Order management is where the profit margin lies.

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As companies continue to explore the possibility of personalized production and mass customization, they inevitably spend an inordinate amount of time assessing the pretty front-end, consumer-facing software. And let’s face it: all those rotating 3D renderings of your product are really cool to look at. But that’s not where leaders should be investing their time. It’s the order management system in the back-end, and the integration with the sexy front-end, that makes a personalization program successful. . . or dooms it to failure.

Let’s look at online food delivery from a restaurant in New York as a way to demonstrate how these two systems have to operate for success, and the frustrations many brands face after they invest in 3D digitization. After all, restaurants are very much in the product personalization business—they have a standard menu, of course, but you can always swap out carrots for broccoli in your Triple Buddha Delight, or make your mapo tofu extra spicy. 

The restaurant has invested heavily in the front-end software. Its online menu has beautiful, mouth-watering close-up photos of the food.

Now, let’s imagine what an order would look like without the right kind of order management system to support the customer requests:

  1. A customer orders Kung Pao chicken, and requests asparagus instead of green bell peppers.
  2. The order gets printed out in the front of the restaurant. The manager doesn’t bring the order back to the kitchen—after all, why should she walk back there with only one order for $12? Instead, she holds onto it until she can collect a few more orders.
  3. After 15 minutes, she has a stack of orders that she brings back to the kitchen.
  4. The kitchen sorts through the pile of orders. Unfortunately, there’s only one order for Kung Pao chicken. All the other orders are for the restaurant’s specialty, Triple Buddha Delight.
  5. The chef decides that it doesn’t make sense to make only one chicken dish (different ingredients, different woks, different sauces), so he starts work on the orders for Triple Buddha Delight. The Kung Pao chicken goes to the back of the pile, even though it was first in the queue. It another 30 minutes until the chef gets a few more chicken orders before he starts cooking.
  6. It takes the chef 20 minutes to cook all the chicken dishes. Even though our customer’s Kung Pao order was first, it doesn’t get brought out of the kitchen until all the other chicken dishes are done.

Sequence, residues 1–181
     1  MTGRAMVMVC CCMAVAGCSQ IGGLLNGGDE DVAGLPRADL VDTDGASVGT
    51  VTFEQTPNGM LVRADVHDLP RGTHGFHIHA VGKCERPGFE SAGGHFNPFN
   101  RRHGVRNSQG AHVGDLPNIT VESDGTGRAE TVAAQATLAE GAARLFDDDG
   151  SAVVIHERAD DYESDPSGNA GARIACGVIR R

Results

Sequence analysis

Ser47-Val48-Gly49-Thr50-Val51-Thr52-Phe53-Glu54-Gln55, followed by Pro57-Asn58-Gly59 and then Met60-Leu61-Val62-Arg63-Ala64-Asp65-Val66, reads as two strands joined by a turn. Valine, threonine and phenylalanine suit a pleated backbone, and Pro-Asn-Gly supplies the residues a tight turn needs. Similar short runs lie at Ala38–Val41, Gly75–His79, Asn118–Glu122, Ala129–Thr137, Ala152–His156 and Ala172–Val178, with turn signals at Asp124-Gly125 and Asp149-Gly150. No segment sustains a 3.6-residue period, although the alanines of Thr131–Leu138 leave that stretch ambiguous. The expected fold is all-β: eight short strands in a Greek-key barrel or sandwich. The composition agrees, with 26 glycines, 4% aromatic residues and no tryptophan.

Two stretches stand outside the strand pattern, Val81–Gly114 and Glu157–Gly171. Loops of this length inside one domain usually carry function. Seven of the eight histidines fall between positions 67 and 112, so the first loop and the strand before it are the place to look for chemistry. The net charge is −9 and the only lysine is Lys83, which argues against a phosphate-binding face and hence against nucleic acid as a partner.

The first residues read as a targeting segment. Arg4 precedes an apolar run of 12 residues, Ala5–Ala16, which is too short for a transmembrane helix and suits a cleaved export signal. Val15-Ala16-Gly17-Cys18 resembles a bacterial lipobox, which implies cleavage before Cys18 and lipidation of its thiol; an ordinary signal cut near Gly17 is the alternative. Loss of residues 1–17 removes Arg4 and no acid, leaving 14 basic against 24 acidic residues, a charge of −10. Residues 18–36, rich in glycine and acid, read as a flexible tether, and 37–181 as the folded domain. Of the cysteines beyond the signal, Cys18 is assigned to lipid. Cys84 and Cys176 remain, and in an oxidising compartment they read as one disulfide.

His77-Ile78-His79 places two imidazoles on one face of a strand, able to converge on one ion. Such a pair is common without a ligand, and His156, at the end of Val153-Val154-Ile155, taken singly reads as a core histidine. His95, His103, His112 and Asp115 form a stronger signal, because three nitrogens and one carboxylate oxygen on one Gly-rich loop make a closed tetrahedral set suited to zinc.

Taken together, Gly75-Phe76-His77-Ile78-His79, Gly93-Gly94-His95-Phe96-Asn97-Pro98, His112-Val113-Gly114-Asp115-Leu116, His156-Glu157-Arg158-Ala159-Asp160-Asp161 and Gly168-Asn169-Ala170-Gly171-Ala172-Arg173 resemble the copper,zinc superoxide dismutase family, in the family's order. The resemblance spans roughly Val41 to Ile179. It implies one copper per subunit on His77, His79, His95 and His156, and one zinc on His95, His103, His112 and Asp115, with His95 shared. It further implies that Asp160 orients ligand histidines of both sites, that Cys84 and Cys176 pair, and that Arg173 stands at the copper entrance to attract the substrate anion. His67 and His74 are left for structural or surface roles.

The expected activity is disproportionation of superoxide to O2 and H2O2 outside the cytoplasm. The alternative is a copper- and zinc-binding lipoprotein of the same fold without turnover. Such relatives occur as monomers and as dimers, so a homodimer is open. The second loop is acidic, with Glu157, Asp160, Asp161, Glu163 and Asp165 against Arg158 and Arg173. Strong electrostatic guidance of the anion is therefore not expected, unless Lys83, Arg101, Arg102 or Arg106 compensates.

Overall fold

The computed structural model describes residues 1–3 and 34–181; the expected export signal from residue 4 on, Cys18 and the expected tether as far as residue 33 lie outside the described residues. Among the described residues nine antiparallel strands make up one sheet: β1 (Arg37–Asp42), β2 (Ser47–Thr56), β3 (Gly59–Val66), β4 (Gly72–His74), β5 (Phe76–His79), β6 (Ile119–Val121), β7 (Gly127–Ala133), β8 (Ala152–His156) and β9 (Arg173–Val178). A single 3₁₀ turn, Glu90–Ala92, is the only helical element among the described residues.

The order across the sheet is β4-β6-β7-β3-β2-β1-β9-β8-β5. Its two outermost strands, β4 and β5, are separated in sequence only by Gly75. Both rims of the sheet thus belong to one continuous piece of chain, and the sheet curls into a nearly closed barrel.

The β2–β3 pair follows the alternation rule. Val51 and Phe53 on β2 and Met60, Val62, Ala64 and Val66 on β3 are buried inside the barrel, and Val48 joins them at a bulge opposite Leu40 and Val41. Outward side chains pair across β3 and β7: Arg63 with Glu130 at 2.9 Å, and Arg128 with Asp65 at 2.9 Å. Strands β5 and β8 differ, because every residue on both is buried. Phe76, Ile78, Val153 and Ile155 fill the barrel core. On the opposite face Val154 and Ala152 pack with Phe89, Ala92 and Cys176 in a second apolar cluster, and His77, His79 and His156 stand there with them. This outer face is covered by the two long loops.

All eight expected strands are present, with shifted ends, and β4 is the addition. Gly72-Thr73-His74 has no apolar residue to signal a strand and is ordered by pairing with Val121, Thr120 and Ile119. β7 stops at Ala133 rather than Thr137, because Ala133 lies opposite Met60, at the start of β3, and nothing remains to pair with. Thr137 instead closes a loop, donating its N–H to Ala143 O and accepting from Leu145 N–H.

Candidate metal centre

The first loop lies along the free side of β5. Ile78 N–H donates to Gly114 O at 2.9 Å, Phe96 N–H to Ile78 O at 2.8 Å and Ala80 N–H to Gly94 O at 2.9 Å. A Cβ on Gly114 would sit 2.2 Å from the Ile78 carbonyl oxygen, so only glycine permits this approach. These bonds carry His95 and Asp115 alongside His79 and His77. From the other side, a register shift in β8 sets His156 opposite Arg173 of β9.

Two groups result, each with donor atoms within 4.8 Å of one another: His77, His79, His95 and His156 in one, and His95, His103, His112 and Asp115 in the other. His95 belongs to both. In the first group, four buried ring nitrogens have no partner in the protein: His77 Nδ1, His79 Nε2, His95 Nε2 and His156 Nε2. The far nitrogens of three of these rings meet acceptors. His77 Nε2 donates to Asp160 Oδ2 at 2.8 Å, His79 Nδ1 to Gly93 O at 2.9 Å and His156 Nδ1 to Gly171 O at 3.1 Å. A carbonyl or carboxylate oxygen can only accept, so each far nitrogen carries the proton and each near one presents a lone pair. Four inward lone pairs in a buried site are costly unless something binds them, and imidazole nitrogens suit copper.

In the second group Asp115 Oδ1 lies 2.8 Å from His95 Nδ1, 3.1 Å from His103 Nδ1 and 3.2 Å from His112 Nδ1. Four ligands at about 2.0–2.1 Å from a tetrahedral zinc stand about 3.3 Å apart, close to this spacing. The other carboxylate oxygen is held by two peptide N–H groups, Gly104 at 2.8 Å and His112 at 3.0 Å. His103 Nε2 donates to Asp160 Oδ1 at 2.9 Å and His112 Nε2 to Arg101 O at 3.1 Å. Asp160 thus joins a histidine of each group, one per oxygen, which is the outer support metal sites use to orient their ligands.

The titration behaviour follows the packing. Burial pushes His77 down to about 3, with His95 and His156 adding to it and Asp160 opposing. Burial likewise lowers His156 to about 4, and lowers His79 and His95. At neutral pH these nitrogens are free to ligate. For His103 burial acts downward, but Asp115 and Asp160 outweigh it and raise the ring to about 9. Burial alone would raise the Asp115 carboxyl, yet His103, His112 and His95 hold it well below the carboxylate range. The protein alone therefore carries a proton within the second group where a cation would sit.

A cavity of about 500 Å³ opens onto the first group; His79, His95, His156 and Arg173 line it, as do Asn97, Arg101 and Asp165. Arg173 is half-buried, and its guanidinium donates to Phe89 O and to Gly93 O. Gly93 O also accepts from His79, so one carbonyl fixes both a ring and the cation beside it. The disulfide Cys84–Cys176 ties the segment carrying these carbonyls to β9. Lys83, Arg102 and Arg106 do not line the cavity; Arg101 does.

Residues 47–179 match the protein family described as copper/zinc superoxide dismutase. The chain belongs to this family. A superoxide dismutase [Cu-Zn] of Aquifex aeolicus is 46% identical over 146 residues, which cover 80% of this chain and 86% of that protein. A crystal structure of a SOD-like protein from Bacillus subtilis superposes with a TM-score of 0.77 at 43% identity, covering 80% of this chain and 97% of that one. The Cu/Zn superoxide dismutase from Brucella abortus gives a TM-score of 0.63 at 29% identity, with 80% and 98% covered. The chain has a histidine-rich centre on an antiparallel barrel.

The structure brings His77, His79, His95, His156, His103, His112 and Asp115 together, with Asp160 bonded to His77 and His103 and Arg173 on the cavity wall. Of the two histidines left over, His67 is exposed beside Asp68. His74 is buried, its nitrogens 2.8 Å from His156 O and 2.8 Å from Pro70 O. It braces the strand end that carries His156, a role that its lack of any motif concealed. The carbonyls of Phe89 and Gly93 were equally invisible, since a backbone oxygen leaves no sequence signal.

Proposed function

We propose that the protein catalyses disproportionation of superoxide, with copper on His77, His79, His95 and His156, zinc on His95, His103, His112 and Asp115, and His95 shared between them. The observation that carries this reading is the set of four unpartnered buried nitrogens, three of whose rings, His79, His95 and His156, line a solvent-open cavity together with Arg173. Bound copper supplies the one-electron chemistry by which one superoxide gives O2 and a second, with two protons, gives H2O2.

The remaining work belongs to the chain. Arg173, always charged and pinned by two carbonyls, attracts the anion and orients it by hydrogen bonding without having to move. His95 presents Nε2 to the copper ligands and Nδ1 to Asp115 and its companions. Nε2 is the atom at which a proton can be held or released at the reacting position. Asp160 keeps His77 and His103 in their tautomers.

7. The manager sees that the order is for an area of the city where they don’t have a lot of customers. She wants to keep delivery costs down, so she waits until she has more orders for that neighborhood.
  8. After 30 minutes, she has enough orders for that area. She summons a bike messenger. Due to geography, the Kung Pao chicken will be the last delivery on the route. It takes the delivery guy 30 minutes to drop it off.
  9. The customer finally receives the Kung Pao chicken more than two hours after ordering. 

Obviously, this process is absurd—a restaurant would go out of business if it operated this way. Instead, restaurants produce in one-piece flow: as soon as the order arrives, it’s brought to the kitchen, it’s cooked in the order it arrived, and it goes out the door as soon as it’s ready. 

And yet, this is the situation for the customization programs at many brands. There’s a beautiful online menu, but the order management software and back-end processes can’t handle single-piece orders. These legacy systems are just not built for a batch size of one—they’re built for mass production runs, with manual entry for thousands of orders. They can’t automate an order size of one, forcing heavily manual intervention for customer requests. As a result, a customer’s order gets pushed to the back of the production queue; or has to wait for a batch of other custom orders; or is stockpiled until the factory has a full pallet of product; or forced to wait for countless other reasons. One footwear company we worked with had a production time of 13 minutes, but the lead time—time from customer order to delivery—was six weeks. Needless to say, the program was a flop. 

There’s no question that a product personalization program must be an integral part of any brand’s business going forward. Customers increasingly demand rare or unique products, not the mass produced goods of the past. As you explore the opportunities, don’t get seduced by the sexy 3D renderings. The back-end order management is where the money is.

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